WESTFIELD — The Westfield Republicans recently announced their slate of candidates for the mayoral and council races this November. Democrats currently hold seven of the eight council seats, along with the mayor’s spot.
JoAnn Neylan is running for mayor. She served as a council member for Westfield’s Second Ward from 2004 to 2019 and is the former chair of the Finance Policy Committee. According to a statement by the Westfield Repueblicans, “she understands what it takes to implement fiscal discipline without sacrificing best-in-class government services.”
Amanda Como is seeking the Ward 1 council seat. Ms. Como, according to the statement, is a small-business owner and has previously served as the fund-raising chair of the Westfield Welcome Club as well as having coached town sports and acted in various capacities within the Girl Scouts.
“I felt called to action because I could not take the fog of toxicity looming over our community any longer,” Ms. Como told The Westfield Leader. “Setting an example for my children and other women to take the physical step to try and affect change was important to me.”
She said via email that she hopes as councilperson she will serve her constituents by explaining things to them, informing them and encouraging their engagement, as “there are critical decisions currently being made and many more forthcoming. It is paramount that residents understand how much is at stake for the future of Westfield and why.”
Denise Garrett is seeking the Ward 2 seat. According to her LinkedIn profile, Ms. Garrett is the head of America’s Operations Compliance at Morgan Stanley. She is active within her church and the Parent-Teacher Organization. She told The Leader she was inspired to run to be a role model for her children and to “ultimately leave Westfield even better than how I found it.”
“I am committed to putting community before partisan politics, and as councilwoman, I will champion transparency and communication, fiscal responsibility and accountability, the preservation of our small-town atmosphere and values, and ensuring we bring our children top-quality sports programs and facilities,” she said in the statement.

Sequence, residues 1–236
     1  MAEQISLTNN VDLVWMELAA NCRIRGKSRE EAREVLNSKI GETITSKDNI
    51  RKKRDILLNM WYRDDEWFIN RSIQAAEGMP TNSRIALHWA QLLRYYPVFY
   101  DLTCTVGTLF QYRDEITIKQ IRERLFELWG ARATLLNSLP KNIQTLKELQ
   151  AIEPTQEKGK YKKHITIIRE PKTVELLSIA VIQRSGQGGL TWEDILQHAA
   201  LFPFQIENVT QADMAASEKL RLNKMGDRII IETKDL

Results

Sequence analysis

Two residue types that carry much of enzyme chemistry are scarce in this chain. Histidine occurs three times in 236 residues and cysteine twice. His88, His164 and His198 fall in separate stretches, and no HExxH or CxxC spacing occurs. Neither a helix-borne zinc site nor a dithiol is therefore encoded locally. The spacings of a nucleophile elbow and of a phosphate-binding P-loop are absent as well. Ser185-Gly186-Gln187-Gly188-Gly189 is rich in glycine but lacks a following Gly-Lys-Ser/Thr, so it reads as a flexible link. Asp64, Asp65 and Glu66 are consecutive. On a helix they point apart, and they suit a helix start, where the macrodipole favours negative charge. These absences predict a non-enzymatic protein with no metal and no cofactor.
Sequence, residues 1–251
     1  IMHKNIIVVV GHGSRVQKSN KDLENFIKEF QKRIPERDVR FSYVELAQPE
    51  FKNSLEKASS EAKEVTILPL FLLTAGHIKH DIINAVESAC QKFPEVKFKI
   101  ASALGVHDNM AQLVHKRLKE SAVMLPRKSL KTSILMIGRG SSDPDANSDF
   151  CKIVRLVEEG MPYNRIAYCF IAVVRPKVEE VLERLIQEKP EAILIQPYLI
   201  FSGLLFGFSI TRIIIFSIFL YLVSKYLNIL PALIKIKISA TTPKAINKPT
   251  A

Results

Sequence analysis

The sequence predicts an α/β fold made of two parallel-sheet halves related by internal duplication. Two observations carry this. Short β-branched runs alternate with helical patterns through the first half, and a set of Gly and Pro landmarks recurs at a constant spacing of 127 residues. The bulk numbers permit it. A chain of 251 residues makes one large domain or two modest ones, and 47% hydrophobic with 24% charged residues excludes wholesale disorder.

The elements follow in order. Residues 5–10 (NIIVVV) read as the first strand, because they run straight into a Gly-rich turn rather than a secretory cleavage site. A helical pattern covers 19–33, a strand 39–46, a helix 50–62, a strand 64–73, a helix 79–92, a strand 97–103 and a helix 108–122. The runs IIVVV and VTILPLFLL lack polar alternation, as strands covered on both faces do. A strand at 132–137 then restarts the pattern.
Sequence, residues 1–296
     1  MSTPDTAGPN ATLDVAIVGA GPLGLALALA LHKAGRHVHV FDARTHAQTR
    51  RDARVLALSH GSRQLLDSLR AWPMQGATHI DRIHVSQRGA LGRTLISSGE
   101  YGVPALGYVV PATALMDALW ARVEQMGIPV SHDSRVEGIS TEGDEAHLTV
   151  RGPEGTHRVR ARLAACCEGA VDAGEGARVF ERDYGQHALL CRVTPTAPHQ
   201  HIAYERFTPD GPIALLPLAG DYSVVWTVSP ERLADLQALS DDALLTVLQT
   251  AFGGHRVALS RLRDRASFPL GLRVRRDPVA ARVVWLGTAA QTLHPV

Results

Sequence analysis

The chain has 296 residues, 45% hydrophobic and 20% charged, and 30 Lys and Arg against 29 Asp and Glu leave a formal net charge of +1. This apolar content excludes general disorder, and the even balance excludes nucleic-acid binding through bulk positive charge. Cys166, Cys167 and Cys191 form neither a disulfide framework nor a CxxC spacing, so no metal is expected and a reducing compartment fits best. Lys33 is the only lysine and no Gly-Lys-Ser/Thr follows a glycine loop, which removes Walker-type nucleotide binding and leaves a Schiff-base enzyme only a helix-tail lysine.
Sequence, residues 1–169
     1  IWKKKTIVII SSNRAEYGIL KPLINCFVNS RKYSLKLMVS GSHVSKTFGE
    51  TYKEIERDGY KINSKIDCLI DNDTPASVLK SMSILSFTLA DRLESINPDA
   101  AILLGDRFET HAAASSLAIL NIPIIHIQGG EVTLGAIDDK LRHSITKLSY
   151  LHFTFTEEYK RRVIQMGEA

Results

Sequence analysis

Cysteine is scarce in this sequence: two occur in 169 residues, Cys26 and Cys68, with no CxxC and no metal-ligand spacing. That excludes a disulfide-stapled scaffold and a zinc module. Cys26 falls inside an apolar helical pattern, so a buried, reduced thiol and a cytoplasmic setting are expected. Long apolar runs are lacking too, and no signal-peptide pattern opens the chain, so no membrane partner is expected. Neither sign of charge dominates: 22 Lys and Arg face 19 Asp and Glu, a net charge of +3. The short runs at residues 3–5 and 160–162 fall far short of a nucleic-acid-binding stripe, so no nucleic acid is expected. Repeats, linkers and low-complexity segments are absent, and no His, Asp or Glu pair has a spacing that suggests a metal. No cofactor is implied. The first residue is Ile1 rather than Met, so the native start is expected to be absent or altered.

In terms of improving fiscal responsibility, Ms. Garrett said her “baseline priority” was transparency and “innovative and creative solutions to current challenges” created by Covid-19. An area of focus for her is “non-tax revenue opportunities to help grow the surplus back to a more comfortable level as we discuss together as a town council how to manage the town surplus.”
Shawn Mullen is running as the candidate for Ward 3. Mr. Mullen is a retired FBI agent and previously served in the U.S. Army Reserve. He also volunteered with the American Legion Martin Wallberg Post No. 3 and The Community FoodBank of New Jersey, as well as having shared his work experience at school presentations, career-day events and junior police academies.
He said his experience as a special agent for the FBI would “make me an effective liaison between the council — which exercises civilian oversight — and our public safety professionals,” and would help him “explore new strategies to confront rising crime rates and vehicle thefts in town.”
Mr. Mullen also is a frequent face at meetings of the town council and planning board and speaks on issues that affect his neighborhood. “There are significant issues facing Westfield today and I’m ready to take a more active role to advocate for the interests of my fellow Third Ward residents as their representative on the council,” he told The Leader.
James Restivo is running as the Republican candidate for Ward 4. According to the statement, he is active in the Westfield Public School system and sports and music programs. He currently works in sales and marketing at Suzanne’s Specialties, an organic and all-natural sweetener company.
“As councilman, I will work hard for you to preserve our tax dollars, improve our parks and fields, and rebuild trust between the town and local government,” Mr. Restivo said in the statement. “I will work with all council members to erase the lines that have divided us and put the needs of Ward 4 residents, along with the entire Westfield community, at the heart of every decision.”